Culture-Related Diagnostic Issues
There may be variation in the degree to which different cultural and ethnic groups regard diffidence and avoidance as appropriate. Moreover, avoidant behavior may be the result of problems in acculturation following immigration.
Gender-Related Diagnostic Issues
Avoidant personality disorder appears to be equally frequent in males and females.
Anxiety disorders. There appears to be a great deal of overlap between avoidant personality disorder and social anxiety disorder (social phobia), so much so that they may be alternative conceptualizations of the same or similar conditions. Avoidance also characterizes both avoidant personality disorder and agoraphobia, and they often co-occur.
Other personality disorders and personality traits. Other personality disorders may be confused with avoidant personality disorder because they have certain features in common. It is, therefore, important to distinguish among these disorders based on differences in their characteristic features. However, if an individual has personality features that meet criteria for one or more personality disorders in addition to avoidant personality disorder, all can be diagnosed. Both avoidant personality disorder and dependent personality disorder are characterized by feelings of inadequacy, hypersensitivity to criticism, and a need for reassurance. Although the primary focus of concern in avoidant personality disorder is avoidance of humiliation and rejection, in dependent personality disorder the focus is on being taken care of. However, avoidant personality disorder and dependent personality disorder are particularly likely to co-occur. Like avoidant personality disorder, schizoid personality disorder and schizotypal personality disorder are characterized by social isolation. However, individuals with avoidant personality disorder want to have relationships with others and feel their loneliness deeply, whereas those with schizoid or schizotypal personality disorder may be content with and even prefer their social isolation. Paranoid personality disorder and avoidant personality disorder are both characterized by a reluctance to confide in others. However, in avoidant personality disorder, this reluctance is attributable more to a fear of being embarrassed or being found inadequate than to a fear of others’ malicious intent.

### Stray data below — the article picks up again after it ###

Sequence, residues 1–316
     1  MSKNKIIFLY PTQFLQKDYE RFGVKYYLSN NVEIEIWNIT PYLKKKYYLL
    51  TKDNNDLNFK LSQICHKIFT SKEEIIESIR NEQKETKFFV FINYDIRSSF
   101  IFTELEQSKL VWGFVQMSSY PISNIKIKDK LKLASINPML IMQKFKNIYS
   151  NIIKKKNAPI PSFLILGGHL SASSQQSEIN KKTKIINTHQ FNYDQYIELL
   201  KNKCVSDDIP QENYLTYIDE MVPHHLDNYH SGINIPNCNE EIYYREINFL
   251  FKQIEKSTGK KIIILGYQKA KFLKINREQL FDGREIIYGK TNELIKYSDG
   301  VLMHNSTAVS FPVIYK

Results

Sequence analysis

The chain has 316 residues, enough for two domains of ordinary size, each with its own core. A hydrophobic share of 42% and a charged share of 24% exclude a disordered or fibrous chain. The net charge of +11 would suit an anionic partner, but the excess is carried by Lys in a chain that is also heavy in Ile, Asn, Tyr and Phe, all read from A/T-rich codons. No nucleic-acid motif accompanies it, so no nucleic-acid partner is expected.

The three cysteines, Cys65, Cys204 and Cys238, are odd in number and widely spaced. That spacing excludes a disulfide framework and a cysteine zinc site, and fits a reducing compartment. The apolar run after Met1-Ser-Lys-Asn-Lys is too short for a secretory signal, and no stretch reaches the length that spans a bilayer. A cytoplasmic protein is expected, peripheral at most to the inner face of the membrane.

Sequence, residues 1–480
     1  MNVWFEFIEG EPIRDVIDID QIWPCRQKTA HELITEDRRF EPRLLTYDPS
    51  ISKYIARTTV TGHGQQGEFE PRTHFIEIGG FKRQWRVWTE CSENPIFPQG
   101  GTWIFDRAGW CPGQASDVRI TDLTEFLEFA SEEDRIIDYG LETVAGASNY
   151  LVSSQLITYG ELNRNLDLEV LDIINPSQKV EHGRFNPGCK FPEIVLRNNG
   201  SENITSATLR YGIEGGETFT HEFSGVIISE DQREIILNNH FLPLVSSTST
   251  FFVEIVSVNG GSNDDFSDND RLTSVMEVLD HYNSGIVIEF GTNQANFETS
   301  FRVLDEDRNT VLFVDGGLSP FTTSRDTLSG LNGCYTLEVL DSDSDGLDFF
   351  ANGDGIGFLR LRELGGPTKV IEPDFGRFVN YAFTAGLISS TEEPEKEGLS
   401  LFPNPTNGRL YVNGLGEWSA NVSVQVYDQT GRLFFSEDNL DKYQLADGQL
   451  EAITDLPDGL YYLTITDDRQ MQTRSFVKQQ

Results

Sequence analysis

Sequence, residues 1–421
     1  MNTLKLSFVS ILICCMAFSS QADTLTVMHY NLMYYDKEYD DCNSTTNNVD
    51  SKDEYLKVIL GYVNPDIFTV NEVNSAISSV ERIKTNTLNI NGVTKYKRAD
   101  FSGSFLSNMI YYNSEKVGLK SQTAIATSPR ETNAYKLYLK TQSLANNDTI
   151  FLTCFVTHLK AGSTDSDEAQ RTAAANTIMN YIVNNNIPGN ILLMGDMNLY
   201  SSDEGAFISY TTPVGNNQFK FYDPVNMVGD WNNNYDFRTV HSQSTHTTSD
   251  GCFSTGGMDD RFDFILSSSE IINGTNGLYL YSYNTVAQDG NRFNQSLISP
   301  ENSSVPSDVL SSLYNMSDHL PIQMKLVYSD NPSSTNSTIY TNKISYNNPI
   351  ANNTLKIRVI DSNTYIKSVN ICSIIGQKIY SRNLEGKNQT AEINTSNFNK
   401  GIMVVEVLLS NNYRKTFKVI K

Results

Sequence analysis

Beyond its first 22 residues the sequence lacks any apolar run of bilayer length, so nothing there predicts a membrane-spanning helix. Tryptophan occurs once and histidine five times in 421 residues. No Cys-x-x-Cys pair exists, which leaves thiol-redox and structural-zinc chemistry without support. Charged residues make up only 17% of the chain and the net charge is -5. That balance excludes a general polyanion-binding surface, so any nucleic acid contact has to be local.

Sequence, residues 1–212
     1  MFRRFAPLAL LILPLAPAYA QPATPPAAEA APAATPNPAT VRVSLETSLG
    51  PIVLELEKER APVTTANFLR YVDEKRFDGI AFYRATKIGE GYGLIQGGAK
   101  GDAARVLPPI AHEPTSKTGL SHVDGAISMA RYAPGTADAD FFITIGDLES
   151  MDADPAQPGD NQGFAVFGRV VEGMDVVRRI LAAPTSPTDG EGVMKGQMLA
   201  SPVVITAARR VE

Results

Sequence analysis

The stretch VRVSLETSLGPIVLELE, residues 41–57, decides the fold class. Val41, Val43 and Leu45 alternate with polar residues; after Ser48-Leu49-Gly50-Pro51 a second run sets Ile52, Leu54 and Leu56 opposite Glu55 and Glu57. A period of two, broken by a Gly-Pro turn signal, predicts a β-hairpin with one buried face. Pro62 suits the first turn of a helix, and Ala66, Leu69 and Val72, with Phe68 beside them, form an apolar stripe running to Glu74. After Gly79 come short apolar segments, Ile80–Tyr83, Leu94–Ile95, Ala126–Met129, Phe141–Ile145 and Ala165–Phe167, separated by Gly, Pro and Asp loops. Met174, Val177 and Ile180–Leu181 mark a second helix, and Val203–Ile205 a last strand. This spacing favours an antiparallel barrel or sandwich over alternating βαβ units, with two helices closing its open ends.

Many individuals display avoidant personality traits. Only when these traits are inflexible, maladaptive, and persisting and cause significant functional impairment or subjective distress do they constitute avoidant personality disorder.
Personality change due to another medical condition. Avoidant personality disorder must be distinguished from personality change due to another medical condition, in which the traits that emerge are attributable to the effects of another medical condition on the central nervous system.
Substance use disorders. Avoidant personality disorder must also be distinguished from symptoms that may develop in association with persistent substance use.